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    Author(s): Dale Bosworth; Richard Birdsey; Linda Joyce; Constance Millar
    Date: 2008
    Source: Journal of Forestry 106(4):214-221
    Publication Series: Scientific Journal (JRNL)
    Station: Northern Research Station
    PDF: View PDF  (1.15 MB)

    Description

    Climate change is already affecting America's forests. The fires of 2000 shocked the Nation, the fires of 2006 burned an area greater than in any year since 1954, and the 2007 fires in southern California forced the evacuation of more than a million residents. Some of the largest individual fires ever recorded in the Western United States and Alaska occurred in the first 5 years of the 21st century. Scientists have linked growing fire season severity with warming temperatures and earlier snowmelt (Westerling et al. 2006). Higher temperatures and drought also are blamed for unprecedented bark beetle outbreaks and tree mortality across the West (Breshears et al. 2005, Logan and Powell 2005). However, forest productivity is increasing in some temperate areas because of warmer temperatures, a longer growing season, and the "fertilizer effect" of increasing atmospheric carbon dioxide (Nemani et al. 2003).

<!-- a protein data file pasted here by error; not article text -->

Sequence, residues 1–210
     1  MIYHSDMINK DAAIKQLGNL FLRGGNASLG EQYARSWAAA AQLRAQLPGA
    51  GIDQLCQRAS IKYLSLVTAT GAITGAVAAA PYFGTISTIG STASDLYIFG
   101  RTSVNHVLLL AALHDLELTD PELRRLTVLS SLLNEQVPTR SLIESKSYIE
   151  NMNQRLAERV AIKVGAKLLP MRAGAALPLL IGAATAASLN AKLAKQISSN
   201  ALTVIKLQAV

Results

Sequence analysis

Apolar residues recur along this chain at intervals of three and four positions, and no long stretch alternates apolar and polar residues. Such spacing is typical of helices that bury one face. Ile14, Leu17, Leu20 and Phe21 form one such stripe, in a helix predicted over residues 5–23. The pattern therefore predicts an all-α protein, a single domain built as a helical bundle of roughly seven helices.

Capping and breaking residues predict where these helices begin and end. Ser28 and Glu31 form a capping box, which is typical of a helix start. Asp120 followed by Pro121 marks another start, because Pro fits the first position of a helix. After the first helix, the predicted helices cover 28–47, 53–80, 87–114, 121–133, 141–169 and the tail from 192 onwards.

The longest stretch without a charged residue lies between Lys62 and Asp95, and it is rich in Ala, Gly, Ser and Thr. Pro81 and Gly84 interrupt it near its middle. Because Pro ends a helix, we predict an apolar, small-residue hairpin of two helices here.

Publication Notes

    • Check the Northern Research Station web site to request a printed copy of this publication.
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    • Please contact Sharon Hobrla, shobrla@fs.fed.us if you notice any errors which make this publication unusable.
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    • This article was written and prepared by U.S. Government employees on official time, and is therefore in the public domain.

    Citation

    Bosworth, Dale; Birdsey, Richard; Joyce, Linda; Millar, Constance. 2008. Climate Change and the Nation''s Forests: Challenges and Opportunities. Journal of Forestry 106(4):214-221

    Keywords

    climate change, carbon, US Forest Service

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